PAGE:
Pay attention When the colour of your urine changes. Picture: Pexels
Pay attention When the colour of your urine changes. Picture: Pexels

This is what your urine is telling you

By Nneka Jonas Time of article published Jul 1, 2020

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After using the toilet many people may not think about inspecting their urine, but this could be the key to learning more about any health issues you may have. 

With the 96% made up of water and the small remainder waste products, shades stem from a yellow pigment called the urochrome, a by-product of the breakdown of the green bile that aids digestion.

When you have bright yellow urine, that could indicate lots of vitamins. People that take supplements could see a slight difference in their urine colour, as the tablets contain more vitamins than the body can absorb in one go, though sticking to fruit and vegetables as a natural source of vitamin can keep things very stable.

Orange urine could indicate that you are dehydrated, which may also be the case in the morning after not drinking all night. It could also indicate you ate too much salty food, which causes your sodium levels to become unbalanced and your kidneys to hold onto more water, thus resulting in your urine being in a deeper shade.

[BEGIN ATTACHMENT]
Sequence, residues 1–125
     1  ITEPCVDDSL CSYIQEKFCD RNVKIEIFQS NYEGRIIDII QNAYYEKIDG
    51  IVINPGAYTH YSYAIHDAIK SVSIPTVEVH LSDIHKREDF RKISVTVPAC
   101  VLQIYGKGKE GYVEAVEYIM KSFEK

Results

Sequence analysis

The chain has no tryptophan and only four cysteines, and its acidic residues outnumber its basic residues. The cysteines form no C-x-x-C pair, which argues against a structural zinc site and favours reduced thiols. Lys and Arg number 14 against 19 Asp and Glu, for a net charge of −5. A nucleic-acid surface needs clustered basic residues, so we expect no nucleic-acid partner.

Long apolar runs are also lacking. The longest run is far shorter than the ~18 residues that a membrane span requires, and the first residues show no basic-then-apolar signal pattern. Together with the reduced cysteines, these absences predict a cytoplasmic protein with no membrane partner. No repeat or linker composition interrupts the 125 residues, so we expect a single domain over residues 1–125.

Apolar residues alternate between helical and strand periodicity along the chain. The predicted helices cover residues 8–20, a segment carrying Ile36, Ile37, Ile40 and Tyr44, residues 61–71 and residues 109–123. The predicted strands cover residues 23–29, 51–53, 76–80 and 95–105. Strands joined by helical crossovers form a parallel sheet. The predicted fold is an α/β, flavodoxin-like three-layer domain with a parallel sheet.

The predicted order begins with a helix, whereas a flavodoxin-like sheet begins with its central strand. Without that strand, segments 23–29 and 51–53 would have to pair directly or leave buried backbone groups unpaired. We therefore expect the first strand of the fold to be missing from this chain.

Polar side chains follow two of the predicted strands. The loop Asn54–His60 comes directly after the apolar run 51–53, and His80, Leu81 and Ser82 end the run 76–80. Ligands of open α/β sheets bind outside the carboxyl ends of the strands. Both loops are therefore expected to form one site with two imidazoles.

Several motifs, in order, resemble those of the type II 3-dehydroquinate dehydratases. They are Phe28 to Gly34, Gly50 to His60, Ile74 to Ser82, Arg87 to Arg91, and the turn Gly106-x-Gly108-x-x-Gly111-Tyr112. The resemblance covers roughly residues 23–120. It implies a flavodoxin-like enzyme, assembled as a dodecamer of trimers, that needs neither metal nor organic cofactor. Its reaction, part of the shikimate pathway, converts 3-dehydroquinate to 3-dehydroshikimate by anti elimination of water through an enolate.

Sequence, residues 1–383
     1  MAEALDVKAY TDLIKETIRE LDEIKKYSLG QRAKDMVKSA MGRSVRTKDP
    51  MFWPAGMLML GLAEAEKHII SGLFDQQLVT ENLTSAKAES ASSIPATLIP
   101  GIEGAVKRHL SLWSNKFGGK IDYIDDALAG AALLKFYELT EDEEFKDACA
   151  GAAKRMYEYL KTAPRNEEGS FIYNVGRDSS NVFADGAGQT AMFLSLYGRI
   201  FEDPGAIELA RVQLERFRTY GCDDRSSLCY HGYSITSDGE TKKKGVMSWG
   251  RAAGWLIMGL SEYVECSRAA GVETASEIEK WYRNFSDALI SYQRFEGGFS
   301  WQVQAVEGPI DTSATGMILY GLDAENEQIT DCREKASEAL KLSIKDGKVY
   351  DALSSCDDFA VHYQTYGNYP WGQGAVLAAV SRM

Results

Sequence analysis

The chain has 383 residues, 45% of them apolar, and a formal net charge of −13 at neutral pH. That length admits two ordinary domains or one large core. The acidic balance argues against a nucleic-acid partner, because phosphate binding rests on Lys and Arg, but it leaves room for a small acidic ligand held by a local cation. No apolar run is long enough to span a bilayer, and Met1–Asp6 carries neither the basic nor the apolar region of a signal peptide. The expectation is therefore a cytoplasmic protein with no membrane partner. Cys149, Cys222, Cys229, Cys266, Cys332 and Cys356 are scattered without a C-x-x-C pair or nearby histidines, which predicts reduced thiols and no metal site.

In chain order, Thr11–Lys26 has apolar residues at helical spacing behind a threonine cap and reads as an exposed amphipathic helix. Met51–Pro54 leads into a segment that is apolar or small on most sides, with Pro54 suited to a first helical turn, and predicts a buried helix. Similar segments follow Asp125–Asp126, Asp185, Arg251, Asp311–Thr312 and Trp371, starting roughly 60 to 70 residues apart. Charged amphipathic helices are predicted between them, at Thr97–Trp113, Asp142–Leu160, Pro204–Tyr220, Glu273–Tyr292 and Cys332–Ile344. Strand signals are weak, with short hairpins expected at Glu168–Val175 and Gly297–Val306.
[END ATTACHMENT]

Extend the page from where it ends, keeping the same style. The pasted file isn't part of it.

Wacky colours, like blue or green, are no real reason for concern, as it could just come down to eating food that has been dyed. The same goes for urine that is red/pink, normally when you are taking the medication your wee may end up in an unusual tone. When your urine is purple then that could be an indication of a rare genetic disorder called "Porphyria". 

When you wee too much of a purple pigment it is called “porphyrin”, which aids blood cells in carrying oxygen around the body. White/cloudy urine should be considered as a sign of bacterial infection. 

Do not be afraid to keep an eye on your pee – and always consider consulting your doctor if the colour changes significantly.

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